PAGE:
Though historically 20th Century Fox was deemed to have started with the 1935 merger of Twentieth Century Pictures and Fox Film (and the studio's logo and fanfare came from Twentieth Century), today the studio officially counts its history from Fox Film's founding. --RBBrittain 04:40, 4 January 2007 (UTC)
I was researching the merger, and having the pages SEPARATE was a help to me; and it is a discrete, unique entity. I vote for maintaining the separate pages.Crsandler 15:28, 23 January 2007 (UTC)
fox can have a separate page for its separate history but in truth, twentieth century fox film corporation is the continuation of fox film corporation with zanuck at the helm. the universal entry treats universal-international as part universal pictures, which it was, even thought it was headed by geotz, who had run int'l. but int'l and 20th century (pre-fox) were simply indie producers and the ego of putting their company names in the names of the major studios they came to head, doesn't change the fact that they were taking over and running existing organizations.
- Keep separate. This article is ling enough, and those were distinct entities. ·:· Will Beback ·:· 03:05, 18 June 2007 (UTC)
Why cant we have a Fox Logo Article?
Probably the most well-known image (and music) of film, and we cant have its own article. Why Not? Mg rotc2487 17:19, 29 July 2007 (UTC)
There is a Doors song "Twentieth Century Fox" that links to this page. The song has little to do with the corporation, besides the name. I'm not sure what is standard procedure in something like this, if a separate page should be created, or if the link should be removed, or if there should be a different redirect. But I just wanted to point that out. —Preceding unsigned comment added by 184.108.40.206 (talk) 17:05, 23 August 2008 (UTC)
1) How did you know that 20th Century Fox was created on December 28, 1934 instead of May 28, 1935?
2) How did you know that Scrat from Ice Age is 20th's mascot?
The Avatar logo is different. Here's a shot of the logo from the Avatar trailer (which keeps getting removed from the article) next to a shot of the 1994 logo from a similar angle:
- The Fox logo as of a DVD or Blu-ray Release to get the 1994 version. The trailer of the film is not finished yet, but faded to Lightstorm Entertainment. From the DVD of "Avatar".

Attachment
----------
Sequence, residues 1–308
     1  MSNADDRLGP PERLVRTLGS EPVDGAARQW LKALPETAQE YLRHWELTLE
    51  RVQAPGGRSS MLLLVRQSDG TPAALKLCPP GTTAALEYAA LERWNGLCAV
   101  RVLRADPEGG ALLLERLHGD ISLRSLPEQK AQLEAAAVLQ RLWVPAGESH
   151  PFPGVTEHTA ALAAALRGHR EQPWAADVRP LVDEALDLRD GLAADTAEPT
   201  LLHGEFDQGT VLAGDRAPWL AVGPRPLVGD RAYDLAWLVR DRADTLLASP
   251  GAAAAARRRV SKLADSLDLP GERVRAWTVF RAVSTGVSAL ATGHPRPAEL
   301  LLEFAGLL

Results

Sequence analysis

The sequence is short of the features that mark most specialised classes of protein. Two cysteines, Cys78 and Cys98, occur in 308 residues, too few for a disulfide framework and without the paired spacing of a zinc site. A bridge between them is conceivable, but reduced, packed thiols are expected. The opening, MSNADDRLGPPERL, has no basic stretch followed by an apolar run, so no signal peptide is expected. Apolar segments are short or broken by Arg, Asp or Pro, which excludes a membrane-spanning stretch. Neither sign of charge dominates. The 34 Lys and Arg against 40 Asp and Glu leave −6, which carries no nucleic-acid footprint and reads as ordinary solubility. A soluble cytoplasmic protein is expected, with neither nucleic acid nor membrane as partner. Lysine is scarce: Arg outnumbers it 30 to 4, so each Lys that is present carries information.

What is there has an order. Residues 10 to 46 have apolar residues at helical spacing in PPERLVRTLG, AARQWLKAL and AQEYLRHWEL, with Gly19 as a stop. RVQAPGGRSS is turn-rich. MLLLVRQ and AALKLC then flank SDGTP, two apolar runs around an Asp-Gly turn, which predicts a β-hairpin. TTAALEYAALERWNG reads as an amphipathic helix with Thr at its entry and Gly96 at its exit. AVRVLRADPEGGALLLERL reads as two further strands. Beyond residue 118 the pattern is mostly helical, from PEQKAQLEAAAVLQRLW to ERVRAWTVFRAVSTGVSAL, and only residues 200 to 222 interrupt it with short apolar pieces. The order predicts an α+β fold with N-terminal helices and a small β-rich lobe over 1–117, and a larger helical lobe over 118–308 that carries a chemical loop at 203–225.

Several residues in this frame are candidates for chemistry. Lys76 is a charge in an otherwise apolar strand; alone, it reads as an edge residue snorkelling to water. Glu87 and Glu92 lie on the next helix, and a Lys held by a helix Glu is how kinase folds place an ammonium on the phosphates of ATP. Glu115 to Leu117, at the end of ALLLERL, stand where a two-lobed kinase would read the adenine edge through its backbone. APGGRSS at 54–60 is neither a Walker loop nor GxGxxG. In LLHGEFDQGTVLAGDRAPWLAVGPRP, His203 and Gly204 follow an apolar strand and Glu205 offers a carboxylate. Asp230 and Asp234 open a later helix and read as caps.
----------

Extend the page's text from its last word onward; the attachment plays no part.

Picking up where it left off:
- I see your point, but I know what you're implying. The so-called "Avatar logo" is not a "new" logo; it's the same logo Fox has been using since the mid-90s, only they updated the CGI effects to make the structure and the background more detailed. The fact that they upgraded the logo to avoid having it look dated is the only thing "new" about it. The concept is the same, so the logo must be the same, only with (of course) the enhanced visual effects. Like the "special editions" of the original Star Wars trilogy: Lucas updated the special effects, but they're still the same films.
So there you have it: there is NO SUCH THING AS A "NEW" LOGO! Let's stop wasting our time arguing about this topic, shall we?
- But shouldn't we include the latest revision in the article rather than just the older one? —220.127.116.11 (talk) 02:18, 17 January 2010 (UTC)
Ok, I was in error on what's what. I'd beter not get a vandalization notice. Now the logo is orphaned, so how do I delete it? —iViking —Preceding unsigned comment added by 18.104.22.168 (talk) 20:42, 27 March 2010 (UTC)
Futurama was initially produced by Fox, but then they left it, and it was taken by the Comedy Channel. Is it still a Fox franchise, or should it be removed from the list? Cambalachero (talk) 00:15, 5 June 2011 (UTC)
Music -- Legacy Information
This section reads, "Prior to Fox Music, 20th Century Records was its music arm from 1958 to 1982." This is not correct; the music division of 20th Century Fox, while re-organized at least once and now called Fox Music, actively handles the music publishing for the studio and has done so since 1935. The 20th Century Fox record label was a separate entity which depended on the music division for material and clearances, but was not used to administer publishing; it was sold off in 1982.Pinikadia 22:23, 16 January 2012 (UTC) — Preceding unsigned comment added by Pinikadia (talk • contribs)